NASA's first art to orbit a dwarf planet that retires after 11 years

An artist's impression of NASA's Dawn spacecraft

NASA's Dawn mission, which saw the spacecraft become the first to orbit a dwarf planet, will come to an end in the coming weeks when Dawn runs out of fuel.

The spacecraft exceeded the expectations of scientists, gathered impressive images and performed unprecedented exploits of spacecraft engineering over the course of 11 years, the US space agency said.

Launched from Cape Canaveral in Florida in September 2007, it explored two planetary-like bodies, Ceres and Vesta, which make up 45 percent of the mass of the main asteroid belt that surrounds the Earth.

Dawn is expected to run out of hydrazine, a key fuel, sometime between mid-September and mid-October.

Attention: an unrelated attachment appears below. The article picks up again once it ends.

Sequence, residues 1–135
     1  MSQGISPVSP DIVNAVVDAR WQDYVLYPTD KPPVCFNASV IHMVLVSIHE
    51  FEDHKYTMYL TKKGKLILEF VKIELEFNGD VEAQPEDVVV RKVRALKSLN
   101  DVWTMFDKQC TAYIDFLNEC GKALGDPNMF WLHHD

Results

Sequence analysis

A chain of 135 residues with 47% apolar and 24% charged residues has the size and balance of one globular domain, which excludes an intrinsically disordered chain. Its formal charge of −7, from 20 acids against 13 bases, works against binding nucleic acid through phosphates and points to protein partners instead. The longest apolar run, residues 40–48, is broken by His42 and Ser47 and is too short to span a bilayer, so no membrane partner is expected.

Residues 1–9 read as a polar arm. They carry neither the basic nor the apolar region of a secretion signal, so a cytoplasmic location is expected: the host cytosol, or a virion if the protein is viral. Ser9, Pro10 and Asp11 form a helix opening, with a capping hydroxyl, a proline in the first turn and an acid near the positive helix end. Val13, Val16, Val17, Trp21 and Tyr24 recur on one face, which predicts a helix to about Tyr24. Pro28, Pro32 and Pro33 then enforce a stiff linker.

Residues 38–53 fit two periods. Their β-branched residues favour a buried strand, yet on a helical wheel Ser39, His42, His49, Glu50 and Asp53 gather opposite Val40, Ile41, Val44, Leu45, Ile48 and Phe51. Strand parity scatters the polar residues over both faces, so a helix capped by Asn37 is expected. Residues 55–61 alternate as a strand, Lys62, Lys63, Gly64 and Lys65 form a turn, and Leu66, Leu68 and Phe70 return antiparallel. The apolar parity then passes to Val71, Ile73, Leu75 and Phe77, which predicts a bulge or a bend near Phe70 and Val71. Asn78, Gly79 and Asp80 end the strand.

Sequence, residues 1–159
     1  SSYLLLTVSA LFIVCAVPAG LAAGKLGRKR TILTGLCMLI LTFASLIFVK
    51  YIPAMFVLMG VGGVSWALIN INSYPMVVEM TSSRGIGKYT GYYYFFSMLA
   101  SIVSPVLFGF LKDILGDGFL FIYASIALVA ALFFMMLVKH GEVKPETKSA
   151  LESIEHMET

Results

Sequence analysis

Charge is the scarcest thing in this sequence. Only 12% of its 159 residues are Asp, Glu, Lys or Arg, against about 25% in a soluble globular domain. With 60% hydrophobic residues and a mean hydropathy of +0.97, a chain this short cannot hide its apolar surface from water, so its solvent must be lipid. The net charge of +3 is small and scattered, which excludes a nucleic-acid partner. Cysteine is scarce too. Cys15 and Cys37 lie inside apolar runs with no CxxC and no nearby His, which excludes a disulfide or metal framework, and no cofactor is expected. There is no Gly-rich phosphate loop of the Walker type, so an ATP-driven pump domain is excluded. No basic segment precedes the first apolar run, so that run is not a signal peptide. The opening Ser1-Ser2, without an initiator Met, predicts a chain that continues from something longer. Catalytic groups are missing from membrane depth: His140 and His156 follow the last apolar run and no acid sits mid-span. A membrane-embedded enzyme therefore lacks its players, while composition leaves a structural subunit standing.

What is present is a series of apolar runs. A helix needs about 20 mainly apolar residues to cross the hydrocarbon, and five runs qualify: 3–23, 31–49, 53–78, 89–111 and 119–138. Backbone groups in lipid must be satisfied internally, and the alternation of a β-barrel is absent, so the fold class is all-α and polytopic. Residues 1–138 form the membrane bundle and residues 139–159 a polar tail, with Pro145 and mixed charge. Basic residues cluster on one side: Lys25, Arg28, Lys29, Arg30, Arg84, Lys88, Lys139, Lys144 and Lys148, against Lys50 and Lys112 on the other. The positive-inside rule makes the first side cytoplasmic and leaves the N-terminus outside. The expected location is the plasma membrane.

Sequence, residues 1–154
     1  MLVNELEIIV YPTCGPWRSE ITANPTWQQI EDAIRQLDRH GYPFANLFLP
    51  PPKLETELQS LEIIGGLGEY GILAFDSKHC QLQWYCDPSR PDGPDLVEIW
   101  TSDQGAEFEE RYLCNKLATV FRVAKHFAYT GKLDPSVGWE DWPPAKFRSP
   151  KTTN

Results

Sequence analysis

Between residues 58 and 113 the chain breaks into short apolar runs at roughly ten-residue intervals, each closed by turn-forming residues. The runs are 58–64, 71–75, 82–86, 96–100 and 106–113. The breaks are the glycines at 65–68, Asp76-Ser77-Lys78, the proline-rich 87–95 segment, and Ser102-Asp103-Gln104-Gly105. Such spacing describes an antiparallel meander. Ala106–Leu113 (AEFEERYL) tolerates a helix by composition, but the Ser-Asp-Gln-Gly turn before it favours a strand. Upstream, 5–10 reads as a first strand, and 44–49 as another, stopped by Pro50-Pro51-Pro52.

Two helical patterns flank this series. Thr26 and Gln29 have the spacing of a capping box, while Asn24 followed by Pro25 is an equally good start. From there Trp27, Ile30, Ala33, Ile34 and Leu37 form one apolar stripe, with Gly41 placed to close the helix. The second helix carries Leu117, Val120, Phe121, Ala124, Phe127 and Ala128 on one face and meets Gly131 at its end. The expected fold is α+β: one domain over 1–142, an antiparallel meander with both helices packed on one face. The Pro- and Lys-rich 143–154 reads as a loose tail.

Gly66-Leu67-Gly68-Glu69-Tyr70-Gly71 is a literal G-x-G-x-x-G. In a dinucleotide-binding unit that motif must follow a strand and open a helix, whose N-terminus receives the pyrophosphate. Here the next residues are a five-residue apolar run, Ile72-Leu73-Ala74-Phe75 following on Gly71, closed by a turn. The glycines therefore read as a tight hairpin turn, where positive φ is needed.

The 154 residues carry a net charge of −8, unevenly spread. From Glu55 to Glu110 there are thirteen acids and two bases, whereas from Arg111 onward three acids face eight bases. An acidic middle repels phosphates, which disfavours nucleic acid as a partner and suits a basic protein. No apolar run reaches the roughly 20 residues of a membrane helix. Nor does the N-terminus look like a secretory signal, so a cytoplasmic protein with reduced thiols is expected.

The ship will lose its ability to communicate with Earth. But it will remain in a silent orbit around Ceres for decades.

"While it will be sad to see Dawn's departure from our mission family, we are very proud of her many accomplishments," said Lori Glaze, interim director of the planetary science division at NASA headquarters in Washington.

"Not only did this spacecraft unlock scientific secrets in these two small but significant worlds, it was also the first spacecraft to visit and orbit bodies in two extraterrestrial destinations during its mission," he added.

The mission cost $ US473 million from start to finish.

Its main components originated in Europe.

Two multispectral cameras that allow the ship to capture images were made in Germany, and the Italian space agency provided the ship's spectrometer.